The presentation examines Japan's security policy in terms of the rising activism after the Cold War. In contrast with the persistent reluctance to be involved in military affairs after the defeat of 1945, Japan has become more willing to use its armed forces, or Self Defence Forces (SDF), in the post-Cold War era. Today, the SDF participate in UN peacekeeping operations and take responsibility not only for the Northeast Asian regional stability but, in partnership with US forces, also for global security issues. Why has such a tremendous turn in the course of security policy been possible? Why has Japan become more willing to activate the role of its armed forces in the midst of economic recession? Why has the Japanese attitude become ever more encouraging while the Japanese forces have assumed more and more active roles? The presentation tackles these questions, paying special attention to ideational factors as well as material causations.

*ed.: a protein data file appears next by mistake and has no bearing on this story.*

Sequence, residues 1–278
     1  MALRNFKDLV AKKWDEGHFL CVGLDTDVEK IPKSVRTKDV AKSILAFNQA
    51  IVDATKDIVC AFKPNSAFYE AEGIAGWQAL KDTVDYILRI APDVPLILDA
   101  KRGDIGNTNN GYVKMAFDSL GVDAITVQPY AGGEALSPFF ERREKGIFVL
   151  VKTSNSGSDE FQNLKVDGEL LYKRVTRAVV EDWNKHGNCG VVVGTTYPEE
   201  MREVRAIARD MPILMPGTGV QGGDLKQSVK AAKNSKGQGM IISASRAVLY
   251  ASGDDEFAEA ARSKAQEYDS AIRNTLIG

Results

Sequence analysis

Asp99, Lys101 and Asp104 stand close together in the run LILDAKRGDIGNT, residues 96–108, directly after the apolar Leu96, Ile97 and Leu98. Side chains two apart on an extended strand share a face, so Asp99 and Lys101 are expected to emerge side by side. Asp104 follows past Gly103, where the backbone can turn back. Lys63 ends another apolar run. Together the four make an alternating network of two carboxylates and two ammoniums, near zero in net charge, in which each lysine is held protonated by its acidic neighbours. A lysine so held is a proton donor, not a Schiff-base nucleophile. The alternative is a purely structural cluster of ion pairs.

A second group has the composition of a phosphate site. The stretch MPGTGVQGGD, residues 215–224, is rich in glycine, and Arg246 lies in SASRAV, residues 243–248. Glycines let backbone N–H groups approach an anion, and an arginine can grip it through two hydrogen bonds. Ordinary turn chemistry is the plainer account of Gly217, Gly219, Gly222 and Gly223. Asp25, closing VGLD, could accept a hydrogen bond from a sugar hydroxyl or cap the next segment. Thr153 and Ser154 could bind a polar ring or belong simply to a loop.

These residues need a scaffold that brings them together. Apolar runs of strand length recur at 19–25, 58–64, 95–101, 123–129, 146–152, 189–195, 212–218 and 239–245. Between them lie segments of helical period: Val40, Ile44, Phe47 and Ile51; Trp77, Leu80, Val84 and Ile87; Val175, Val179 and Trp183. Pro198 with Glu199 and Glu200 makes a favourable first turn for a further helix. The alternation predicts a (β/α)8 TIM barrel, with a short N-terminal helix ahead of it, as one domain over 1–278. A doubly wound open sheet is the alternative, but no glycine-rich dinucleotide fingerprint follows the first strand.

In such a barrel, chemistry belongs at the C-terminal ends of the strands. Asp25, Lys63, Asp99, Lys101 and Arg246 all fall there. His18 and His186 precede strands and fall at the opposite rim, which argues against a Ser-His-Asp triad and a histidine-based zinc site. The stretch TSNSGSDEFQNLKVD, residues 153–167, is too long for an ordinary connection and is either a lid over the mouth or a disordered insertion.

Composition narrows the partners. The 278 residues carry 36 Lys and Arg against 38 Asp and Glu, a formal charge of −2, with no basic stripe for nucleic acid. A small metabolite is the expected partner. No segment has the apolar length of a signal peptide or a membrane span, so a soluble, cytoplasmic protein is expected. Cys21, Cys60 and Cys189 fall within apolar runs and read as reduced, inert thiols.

My thesis focuses on the change of the "military norm," that is, a social standard that tells a state to use (or not to use) military power both at international and domestic levels. I argue that since the end of the Cold of War activsm has emerged in Japan's securiy policy because the military norm in the nation has shifted from a negative (prohibiting) to a positive (encouraging) direction.
Hiromi Nagata is a PhD Candidate in Political Science at SOAS, London University, and currently lives in Tokyo.